Americans, on the other hand, forced to sit in front of small laptop computers to enjoy the precipice of a new era of surfing.

Required to hold smaller telephones up to faces, squinting, attempting to discern Griffin Colapinto from Kolohe Andino.

Oh, somewhere in this favoured land the sun is shining bright. The band is playing somewhere, and somewhere hearts are light; And somewhere men are laughing, and somewhere children shout. But there is no joy in coastal towns or other surfer—heavy enclaves our national broadcasters have made us pout.

Italo, on wave and carrying surfboard. Inset, a movie representation of a shark attack on a surfer.

World champion surfer Italo Ferreira thrown from surfboard by shark in wild near-death encounter, “The shark appeared and knocked me out of the water!”

"I was alone, I was his only option! It's crazy."

The electric life of the 2019 world surfing champ, a man who already has the countenance of a surprised big-eyed animal, took a wild turn earlier today when he was attacked by a shark while surfing alone in Brazil.

Ferreira, who is twenty-eight, and a noted shark-phobic, alarmed his 150k followers when he wrote,

“In the best part of the surf session yesterday the shark appeared and knocked me out of the sea. I was alone, I was his only option! It’s crazy. The animal was about 2.5 meters.”

One sage fan wrote, “Lesson taught by an Australian: never go alone in the sea where there are sharks, you have a 100% chance in case of an attack.”

You’ll remember, Ferreira’s mortal fear of sharks following a couple of minor-ish hits around Margaret River, resulting in the cancellation of the event.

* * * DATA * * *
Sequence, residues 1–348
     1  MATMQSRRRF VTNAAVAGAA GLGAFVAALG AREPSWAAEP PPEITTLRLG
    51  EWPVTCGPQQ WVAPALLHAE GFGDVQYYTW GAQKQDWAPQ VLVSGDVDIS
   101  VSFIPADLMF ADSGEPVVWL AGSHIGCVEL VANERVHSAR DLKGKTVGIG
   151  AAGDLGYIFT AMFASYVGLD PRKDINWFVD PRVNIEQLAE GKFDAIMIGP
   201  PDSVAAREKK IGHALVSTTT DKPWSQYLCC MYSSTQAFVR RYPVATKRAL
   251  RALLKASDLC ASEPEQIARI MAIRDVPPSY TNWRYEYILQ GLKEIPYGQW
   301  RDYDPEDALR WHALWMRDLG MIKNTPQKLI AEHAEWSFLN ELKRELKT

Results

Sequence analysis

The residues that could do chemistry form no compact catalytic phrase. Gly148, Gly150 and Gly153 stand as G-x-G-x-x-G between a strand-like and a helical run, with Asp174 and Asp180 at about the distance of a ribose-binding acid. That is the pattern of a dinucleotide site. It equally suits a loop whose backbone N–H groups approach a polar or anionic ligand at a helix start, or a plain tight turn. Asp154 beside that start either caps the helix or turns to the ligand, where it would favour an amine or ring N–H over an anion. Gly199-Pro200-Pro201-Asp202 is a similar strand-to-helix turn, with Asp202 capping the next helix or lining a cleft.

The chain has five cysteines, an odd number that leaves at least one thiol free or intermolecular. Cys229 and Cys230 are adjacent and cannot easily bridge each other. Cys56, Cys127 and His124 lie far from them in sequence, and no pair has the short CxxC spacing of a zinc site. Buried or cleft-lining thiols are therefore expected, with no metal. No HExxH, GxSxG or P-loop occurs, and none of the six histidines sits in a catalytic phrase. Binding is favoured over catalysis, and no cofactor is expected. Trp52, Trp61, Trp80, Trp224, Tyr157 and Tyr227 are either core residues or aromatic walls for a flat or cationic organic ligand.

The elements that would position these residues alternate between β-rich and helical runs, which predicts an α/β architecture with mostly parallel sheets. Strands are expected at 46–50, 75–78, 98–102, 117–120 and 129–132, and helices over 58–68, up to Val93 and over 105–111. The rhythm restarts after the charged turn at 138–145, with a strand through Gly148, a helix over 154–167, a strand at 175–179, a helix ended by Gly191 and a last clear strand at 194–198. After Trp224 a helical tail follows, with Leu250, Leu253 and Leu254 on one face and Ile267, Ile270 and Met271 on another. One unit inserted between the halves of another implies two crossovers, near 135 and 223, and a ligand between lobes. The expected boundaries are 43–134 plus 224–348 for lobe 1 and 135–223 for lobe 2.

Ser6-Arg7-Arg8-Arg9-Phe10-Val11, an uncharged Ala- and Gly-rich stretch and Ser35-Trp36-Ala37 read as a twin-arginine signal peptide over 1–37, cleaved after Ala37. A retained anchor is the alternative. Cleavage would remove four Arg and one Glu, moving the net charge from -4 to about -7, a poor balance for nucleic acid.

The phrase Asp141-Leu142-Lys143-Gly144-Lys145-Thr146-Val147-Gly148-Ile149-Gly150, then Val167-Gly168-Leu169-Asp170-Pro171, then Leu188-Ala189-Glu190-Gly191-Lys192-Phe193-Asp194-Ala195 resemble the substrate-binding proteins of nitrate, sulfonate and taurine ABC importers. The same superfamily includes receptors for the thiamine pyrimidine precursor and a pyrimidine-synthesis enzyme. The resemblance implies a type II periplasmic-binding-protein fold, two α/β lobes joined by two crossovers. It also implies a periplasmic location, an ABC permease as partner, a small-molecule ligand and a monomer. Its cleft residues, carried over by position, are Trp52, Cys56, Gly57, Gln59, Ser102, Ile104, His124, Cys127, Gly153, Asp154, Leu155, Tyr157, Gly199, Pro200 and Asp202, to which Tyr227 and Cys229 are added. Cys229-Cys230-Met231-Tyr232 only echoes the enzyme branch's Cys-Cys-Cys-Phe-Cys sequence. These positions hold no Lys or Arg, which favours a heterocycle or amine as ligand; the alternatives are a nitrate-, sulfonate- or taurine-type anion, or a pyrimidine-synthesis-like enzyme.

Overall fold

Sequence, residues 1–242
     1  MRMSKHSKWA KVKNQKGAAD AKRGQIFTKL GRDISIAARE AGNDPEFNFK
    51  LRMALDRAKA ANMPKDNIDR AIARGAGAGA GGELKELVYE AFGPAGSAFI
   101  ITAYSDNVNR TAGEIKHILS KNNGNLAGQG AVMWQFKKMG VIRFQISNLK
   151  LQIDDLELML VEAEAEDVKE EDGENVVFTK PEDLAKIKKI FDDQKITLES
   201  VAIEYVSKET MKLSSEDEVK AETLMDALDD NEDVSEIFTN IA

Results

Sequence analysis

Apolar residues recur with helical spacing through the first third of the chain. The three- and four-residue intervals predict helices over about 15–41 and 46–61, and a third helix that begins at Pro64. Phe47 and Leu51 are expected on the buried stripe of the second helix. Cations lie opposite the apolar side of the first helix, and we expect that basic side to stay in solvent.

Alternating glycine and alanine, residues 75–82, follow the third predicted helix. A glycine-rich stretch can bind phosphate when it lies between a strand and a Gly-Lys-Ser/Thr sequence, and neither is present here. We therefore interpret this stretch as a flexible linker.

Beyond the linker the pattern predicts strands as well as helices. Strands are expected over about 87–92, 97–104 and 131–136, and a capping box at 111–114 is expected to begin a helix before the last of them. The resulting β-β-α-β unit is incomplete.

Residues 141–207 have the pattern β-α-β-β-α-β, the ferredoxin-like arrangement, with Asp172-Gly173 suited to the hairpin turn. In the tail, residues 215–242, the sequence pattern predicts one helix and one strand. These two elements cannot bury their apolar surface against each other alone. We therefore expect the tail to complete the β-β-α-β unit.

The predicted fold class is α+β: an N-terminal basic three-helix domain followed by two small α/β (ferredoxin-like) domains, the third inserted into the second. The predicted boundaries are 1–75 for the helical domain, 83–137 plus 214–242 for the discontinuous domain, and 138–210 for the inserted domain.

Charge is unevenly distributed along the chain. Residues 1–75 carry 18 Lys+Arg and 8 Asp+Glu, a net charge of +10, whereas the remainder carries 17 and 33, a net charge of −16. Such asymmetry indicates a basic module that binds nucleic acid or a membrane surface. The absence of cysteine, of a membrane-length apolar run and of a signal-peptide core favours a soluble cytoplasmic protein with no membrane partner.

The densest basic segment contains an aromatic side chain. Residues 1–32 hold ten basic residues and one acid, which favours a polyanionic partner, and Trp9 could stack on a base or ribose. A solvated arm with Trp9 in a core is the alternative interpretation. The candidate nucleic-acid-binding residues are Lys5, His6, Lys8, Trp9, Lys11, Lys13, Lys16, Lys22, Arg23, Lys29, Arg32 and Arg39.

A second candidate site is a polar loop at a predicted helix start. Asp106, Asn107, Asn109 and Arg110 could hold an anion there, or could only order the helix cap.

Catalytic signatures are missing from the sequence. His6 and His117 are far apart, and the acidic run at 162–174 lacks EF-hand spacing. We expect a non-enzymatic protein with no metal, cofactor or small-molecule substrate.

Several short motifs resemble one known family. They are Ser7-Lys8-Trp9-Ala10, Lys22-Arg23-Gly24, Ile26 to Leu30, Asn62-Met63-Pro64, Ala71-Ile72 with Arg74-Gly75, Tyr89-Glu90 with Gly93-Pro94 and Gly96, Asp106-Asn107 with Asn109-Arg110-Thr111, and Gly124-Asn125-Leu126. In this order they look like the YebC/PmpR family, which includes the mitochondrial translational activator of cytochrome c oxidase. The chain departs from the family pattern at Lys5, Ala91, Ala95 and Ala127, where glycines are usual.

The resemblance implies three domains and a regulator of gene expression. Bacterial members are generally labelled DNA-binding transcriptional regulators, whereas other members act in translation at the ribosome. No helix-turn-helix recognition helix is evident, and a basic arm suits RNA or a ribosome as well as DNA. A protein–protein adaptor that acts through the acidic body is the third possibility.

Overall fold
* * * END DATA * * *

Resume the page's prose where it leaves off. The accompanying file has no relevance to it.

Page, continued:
The Australian writer Tim Winton, whose surfing-themed book Breath had just been turned into a movie, described Italo and his countryman Gabriel Medina’s lobbying for the contest’s cancellation as “conniving”, as if their concern was contrived for competitive advantage.

If you could see Italo now when you start talking hits by Great Whites, the panic in his eyes, the stutter in his voice, you’d know the fear isn’t a confection.

“The energy is bad,” he told me.

Less existential, though no less alarming, was a post the day before where Ferreira spoke of a mysterious heartbreak.

Prayers etc.


Surf Journalist does hardest yards of life, heads into exclusive therapy session with “Heir to Miki Dora’s Malibu Throne” Jonah Hill for deep understanding of journey on learning to be happy!

Is your mother worried? Would you like us to assign someone to worry your mother?

Jonah Hill, actor famous for playing sexless butterballs, has also been famous at this BeachGrit since he discovered the profound glories of surfing, some few years ago, and thus staked his claim as heir to Miki Dora’s Malibu Throne. There was an attempt, earlier, to have him on the on-again-off-again podcast Dirty Water and a back and forth that ended him wishing this surf journalist “I hope you enjoy the journey of learning to be funny.”

As salient today as it was then.


Hill, in any case, has continued his stratospheric rise in both surfing and pop culture, signing on to play the Grating Dead’s Jerry Garcia in an up and coming biopic, transitioning to electric trucks for local longer board sessions, signing on to play golfer John Daly in another biopic.

Dating surf instructors, breaking up, dating others in the surf.

Releasing his directed and starred in Stuz on Netflix though bravely following Filipe Toledo’s lead and refusing to promote it publicly.

The film is an ostensible vehicle to share the wisdom he has learned from years of therapy with noted shrink Phil Stutz and before commenting upon felt it my duty, as a surf journalist, to watch the entire thing instead of just the trailer.

Hard yards.

And so, today, I sat down to do the work.

The film opens with Hill and Phil Stutz in a room, black and white, therapist explaining his philosophy, “tools,” Hill responding and reacting, attempting to deflect from himself, insisting this is a story about Stutz.

It quickly becomes a film about Hill.

There are bobs, weaves, peeks behind the fourth wall and purposeful tweaks of that fourth wall. Honestly, I’d image there is something to the overall message. Oh, it all smacks hard of the hero’s journey, which I loathe and purposefully mock in the properly uncelebrated Cocaine + Surfing, but Phil Stutz seems epic.